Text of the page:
Thirteen year-old Nicole Posada is persnickety about food labels. If the ingredients state an item contains more than 10 grams of sugar, she'll simply choose something else that's more healthful. But making the right choices wasn't always that easy. But Tamara Swett helped change everything.
Tamara, a Norwalk resident, is a registered dietician who runs the Kids Healthy Weight program at Norwalk Hospital, which meets the last three Tuesdays of every month. The program is a series of classes that help educate kids -- and just as importantly, their families -- about the importance of choosing nutrient-rich foods, as well as that of regular exercise. "We don't put kids on diets," says Tamara. "We help them alter their lifestyles in a healthy way."
And that's a good thing because statistically, kids' lifestyles are becoming less and less healthy. According to the Centers for Disease Control and Prevention (CDC), childhood obesity rates have more than tripled in the past 30 years, with the prevalence of obesity among children between the ages of 6 and 13 increasing from more than 6 percent in 1980 to almost 20 percent in 2008. And childhood obesity is particularly troubling because extra pounds can start children on a path to health problems once confined to adults, such as diabetes, high blood pressure and high cholesterol.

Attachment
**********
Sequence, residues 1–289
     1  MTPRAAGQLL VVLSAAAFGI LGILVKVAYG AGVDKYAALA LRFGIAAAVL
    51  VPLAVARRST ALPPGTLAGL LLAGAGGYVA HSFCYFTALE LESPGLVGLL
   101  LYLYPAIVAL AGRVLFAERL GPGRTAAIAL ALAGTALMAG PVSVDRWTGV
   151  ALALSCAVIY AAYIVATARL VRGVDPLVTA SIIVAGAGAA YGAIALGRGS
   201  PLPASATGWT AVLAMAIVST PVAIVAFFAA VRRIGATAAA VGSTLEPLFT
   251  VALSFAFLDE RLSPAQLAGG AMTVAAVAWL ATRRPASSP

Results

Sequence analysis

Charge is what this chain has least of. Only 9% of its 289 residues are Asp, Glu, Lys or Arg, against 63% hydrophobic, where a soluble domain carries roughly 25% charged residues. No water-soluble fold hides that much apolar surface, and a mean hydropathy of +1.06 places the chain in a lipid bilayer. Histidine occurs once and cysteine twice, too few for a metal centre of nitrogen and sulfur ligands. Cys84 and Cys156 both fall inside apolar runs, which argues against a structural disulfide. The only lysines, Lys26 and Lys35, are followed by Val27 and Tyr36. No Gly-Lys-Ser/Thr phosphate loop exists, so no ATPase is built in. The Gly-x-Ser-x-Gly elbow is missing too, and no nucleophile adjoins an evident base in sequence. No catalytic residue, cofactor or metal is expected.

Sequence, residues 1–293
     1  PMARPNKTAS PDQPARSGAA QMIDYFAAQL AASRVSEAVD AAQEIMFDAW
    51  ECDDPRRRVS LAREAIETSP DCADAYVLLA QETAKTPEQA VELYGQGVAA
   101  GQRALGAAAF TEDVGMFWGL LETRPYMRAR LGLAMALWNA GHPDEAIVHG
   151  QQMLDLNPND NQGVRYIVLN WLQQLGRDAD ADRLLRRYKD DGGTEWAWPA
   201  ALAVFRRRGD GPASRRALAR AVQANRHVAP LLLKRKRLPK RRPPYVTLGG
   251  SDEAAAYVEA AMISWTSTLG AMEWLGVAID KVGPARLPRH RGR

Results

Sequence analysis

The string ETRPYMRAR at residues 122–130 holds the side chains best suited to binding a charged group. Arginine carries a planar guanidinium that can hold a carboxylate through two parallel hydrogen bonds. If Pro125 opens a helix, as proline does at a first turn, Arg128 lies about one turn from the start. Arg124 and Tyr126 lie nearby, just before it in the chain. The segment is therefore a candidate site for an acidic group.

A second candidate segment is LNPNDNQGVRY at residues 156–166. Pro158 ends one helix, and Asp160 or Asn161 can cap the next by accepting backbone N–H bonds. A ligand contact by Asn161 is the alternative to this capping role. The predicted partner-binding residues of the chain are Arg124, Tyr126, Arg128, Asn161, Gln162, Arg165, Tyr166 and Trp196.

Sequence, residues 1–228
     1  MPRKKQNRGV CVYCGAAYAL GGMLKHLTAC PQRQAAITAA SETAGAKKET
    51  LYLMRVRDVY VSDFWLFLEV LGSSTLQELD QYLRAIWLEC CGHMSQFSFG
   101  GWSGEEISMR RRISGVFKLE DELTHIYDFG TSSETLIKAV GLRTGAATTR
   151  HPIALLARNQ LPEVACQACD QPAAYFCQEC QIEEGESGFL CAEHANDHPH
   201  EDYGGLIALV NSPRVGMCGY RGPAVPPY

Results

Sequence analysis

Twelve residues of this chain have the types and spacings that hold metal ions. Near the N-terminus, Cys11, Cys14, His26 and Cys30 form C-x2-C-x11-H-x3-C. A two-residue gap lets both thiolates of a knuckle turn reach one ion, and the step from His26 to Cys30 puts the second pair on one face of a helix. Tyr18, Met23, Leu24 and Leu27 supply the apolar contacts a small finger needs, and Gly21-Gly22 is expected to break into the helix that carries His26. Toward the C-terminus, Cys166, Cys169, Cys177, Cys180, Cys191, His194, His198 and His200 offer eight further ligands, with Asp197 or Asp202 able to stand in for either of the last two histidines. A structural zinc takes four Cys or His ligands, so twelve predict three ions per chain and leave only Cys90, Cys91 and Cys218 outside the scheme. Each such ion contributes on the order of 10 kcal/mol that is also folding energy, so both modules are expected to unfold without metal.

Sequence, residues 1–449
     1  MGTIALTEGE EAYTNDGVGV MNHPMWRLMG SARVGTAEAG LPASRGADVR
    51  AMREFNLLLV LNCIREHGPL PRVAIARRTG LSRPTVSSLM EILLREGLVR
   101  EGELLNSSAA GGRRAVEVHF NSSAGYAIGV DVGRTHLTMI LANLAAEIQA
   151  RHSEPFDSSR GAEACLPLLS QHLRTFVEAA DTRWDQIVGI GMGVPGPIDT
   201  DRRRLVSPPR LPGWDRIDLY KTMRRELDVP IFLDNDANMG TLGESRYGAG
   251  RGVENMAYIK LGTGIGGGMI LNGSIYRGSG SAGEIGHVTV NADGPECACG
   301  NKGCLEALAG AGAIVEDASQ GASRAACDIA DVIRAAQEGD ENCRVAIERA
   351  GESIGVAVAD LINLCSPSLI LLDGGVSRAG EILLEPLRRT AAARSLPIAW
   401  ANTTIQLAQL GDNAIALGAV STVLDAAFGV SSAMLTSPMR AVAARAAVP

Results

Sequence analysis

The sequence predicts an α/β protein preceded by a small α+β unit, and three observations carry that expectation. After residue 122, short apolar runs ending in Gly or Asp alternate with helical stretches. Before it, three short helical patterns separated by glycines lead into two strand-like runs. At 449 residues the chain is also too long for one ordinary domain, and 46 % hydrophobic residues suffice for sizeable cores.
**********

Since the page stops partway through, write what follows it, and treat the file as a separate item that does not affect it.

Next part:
But Nicole and her family, including her mother Olga Vallejo and her five year-old brother, have no intention of becoming statistics. "We used to eat a lot of junk food that wasn't good for us," says Nicole. "But Tamara taught us about eating healthy things, like fruits and whole grain snacks, and she helped us understand about reading food labels. I read them to my mom, too, because I'm better at English!"
Tamara explains her class is "interactive," and is replete with visual aids such as fun, informational videos and colorful plastic food "models" that help teach portion sizes. And every class incorporates some kind of exercise and home exercise tip, as well as discussions about self-esteem. Participants also play games that help teach the importance of recognizing what foods they should eat lots of (fresh fruits and vegetables), and which they should try to avoid. Nicole points out that she used to enjoy eating "chips and candy and stuff like that, but now my favorite snack is peanut butter on an apple."
Nicole's mother, Olga, is thrilled with the results of the class. Holding back tears, she explains: "I'm so proud of my daughter and her hard work. She is healthy and happy and nothing is better than that."
For information about Norwalk Hospital's nutritional programs, call Cindy Allen, at (203) 855-3548.
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